Sinn Fein have no moral ground to condemn
No AMOUNT of revisionist gloss can paint the Provisionals in any better light than Cromwell's army, or the Black and Tans. All are guilty of horrific crimes against the Irish people.
The litany of atrocities is endless, but the IRA's bloody terrorist campaign additionally shamed Ireland.
Murder is a foul business, made worse by collusion, concealment and refusal to accept responsibility. Of the 3,600 killed during the Troubles, the IRA is responsible for 2,200 deaths. It murdered more Catholics than did loyalists.
The Provisionals were self-styled 'Irish republicans', but never in the tradition of Christian republicanism. Instead they were akin to defunct Russian, Italian and German versions, whose causes were Communism, Fascism and Nazism.
In common, they espoused a 'cult of the citizen' and put it above the laws of God and man. Citizen armies, despite terrible atrocities, were excused culpability on grounds that the cause justified the deeds, for example Cromwell's citizen army and the IRA. Thus a Sinn Fein chairman could publicly assert that the murder and disappearance of Jean McConville was not a crime.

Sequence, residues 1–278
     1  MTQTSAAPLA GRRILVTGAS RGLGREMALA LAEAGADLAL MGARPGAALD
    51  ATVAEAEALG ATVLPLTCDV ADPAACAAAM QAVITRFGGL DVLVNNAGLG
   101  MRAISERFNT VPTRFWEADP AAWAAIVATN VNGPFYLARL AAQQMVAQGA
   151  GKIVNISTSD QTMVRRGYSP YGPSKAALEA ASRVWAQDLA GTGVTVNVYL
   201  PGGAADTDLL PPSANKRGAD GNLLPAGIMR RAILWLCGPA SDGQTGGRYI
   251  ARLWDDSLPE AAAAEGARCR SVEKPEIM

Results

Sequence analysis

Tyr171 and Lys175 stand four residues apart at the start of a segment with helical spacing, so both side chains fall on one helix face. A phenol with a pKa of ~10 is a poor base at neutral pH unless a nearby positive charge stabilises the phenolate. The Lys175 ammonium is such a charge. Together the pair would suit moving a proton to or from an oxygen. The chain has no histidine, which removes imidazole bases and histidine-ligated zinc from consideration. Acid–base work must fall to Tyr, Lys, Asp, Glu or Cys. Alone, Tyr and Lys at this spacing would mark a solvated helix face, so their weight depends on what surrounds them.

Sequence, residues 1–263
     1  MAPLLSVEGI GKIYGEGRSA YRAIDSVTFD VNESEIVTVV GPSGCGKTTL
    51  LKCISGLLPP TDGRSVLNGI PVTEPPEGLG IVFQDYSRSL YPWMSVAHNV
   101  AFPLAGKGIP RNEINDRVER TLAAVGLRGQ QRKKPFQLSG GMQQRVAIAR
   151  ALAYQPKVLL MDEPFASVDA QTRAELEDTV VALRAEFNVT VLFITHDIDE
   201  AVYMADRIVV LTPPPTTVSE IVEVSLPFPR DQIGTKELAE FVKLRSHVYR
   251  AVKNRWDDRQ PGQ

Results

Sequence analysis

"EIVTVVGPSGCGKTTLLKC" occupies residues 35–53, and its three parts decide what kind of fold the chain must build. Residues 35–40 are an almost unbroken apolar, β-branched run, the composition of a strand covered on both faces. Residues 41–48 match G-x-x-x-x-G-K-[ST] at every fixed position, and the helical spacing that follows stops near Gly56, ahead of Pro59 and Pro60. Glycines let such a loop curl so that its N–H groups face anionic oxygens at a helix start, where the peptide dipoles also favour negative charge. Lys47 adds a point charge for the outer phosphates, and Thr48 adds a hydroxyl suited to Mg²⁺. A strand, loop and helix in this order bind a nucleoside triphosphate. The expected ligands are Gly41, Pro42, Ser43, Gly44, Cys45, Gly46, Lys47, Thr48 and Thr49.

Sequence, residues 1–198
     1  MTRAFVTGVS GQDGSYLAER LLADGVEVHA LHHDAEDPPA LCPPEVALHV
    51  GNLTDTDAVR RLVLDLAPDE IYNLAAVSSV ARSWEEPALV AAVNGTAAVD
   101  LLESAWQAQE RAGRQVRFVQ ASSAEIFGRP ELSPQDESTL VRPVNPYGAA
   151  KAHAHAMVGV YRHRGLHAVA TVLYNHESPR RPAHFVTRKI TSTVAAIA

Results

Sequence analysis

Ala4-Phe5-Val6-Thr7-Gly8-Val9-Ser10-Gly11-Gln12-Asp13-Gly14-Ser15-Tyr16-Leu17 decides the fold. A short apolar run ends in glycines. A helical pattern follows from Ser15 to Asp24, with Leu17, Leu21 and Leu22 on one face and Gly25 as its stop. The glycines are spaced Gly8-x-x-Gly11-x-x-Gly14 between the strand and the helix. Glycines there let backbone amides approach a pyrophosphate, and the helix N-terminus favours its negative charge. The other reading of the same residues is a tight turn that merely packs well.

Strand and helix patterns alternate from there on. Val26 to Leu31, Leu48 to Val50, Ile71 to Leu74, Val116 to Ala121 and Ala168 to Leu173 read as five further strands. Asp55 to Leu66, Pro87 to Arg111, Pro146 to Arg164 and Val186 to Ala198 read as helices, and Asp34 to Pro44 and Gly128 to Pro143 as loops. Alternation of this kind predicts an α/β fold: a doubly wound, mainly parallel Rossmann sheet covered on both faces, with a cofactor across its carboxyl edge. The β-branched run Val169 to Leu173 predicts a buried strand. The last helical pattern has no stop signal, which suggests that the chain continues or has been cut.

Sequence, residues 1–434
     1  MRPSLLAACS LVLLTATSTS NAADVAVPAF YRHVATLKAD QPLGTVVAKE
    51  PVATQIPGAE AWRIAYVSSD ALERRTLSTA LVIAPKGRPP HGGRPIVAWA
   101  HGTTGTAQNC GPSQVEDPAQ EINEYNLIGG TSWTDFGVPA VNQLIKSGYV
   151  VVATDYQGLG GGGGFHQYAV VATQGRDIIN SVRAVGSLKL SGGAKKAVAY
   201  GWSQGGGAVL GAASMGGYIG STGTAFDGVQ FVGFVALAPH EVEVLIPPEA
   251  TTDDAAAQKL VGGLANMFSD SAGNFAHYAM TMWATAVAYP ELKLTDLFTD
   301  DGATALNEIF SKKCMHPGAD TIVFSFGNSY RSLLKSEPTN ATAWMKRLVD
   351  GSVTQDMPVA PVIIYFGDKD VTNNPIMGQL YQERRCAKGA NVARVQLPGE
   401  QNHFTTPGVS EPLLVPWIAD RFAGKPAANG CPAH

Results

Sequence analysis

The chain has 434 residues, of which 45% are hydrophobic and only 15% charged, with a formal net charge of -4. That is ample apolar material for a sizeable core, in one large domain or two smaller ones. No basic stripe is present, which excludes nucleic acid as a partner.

Such cults are alien to the Irish. Before Christianity, we had Brehon law to redress wrongs against neighbours.
Even those who feared neither God nor man hesitated to deliberately harm a neighbour, because 'they would never have any luck.' Monsignor Denis Faul put it better: "They bear responsibility for that."
Denis Faul never condemned individual IRA foot-soldiers. Instead, he spoke against unjust methods approved by IRA leaders, with their false justifications.
He appealed over their heads, confident that ordinary Irish people would not abandon faith, culture, heritage and characteristic traditions of respecting the dignity and rights of others.
Now we have the irony of Sinn Fein leaders condemning repetitions of IRA tactics by dissidents, not on fixed moral grounds, but simply because 'the political context has changed'.
Downpatrick, Co Down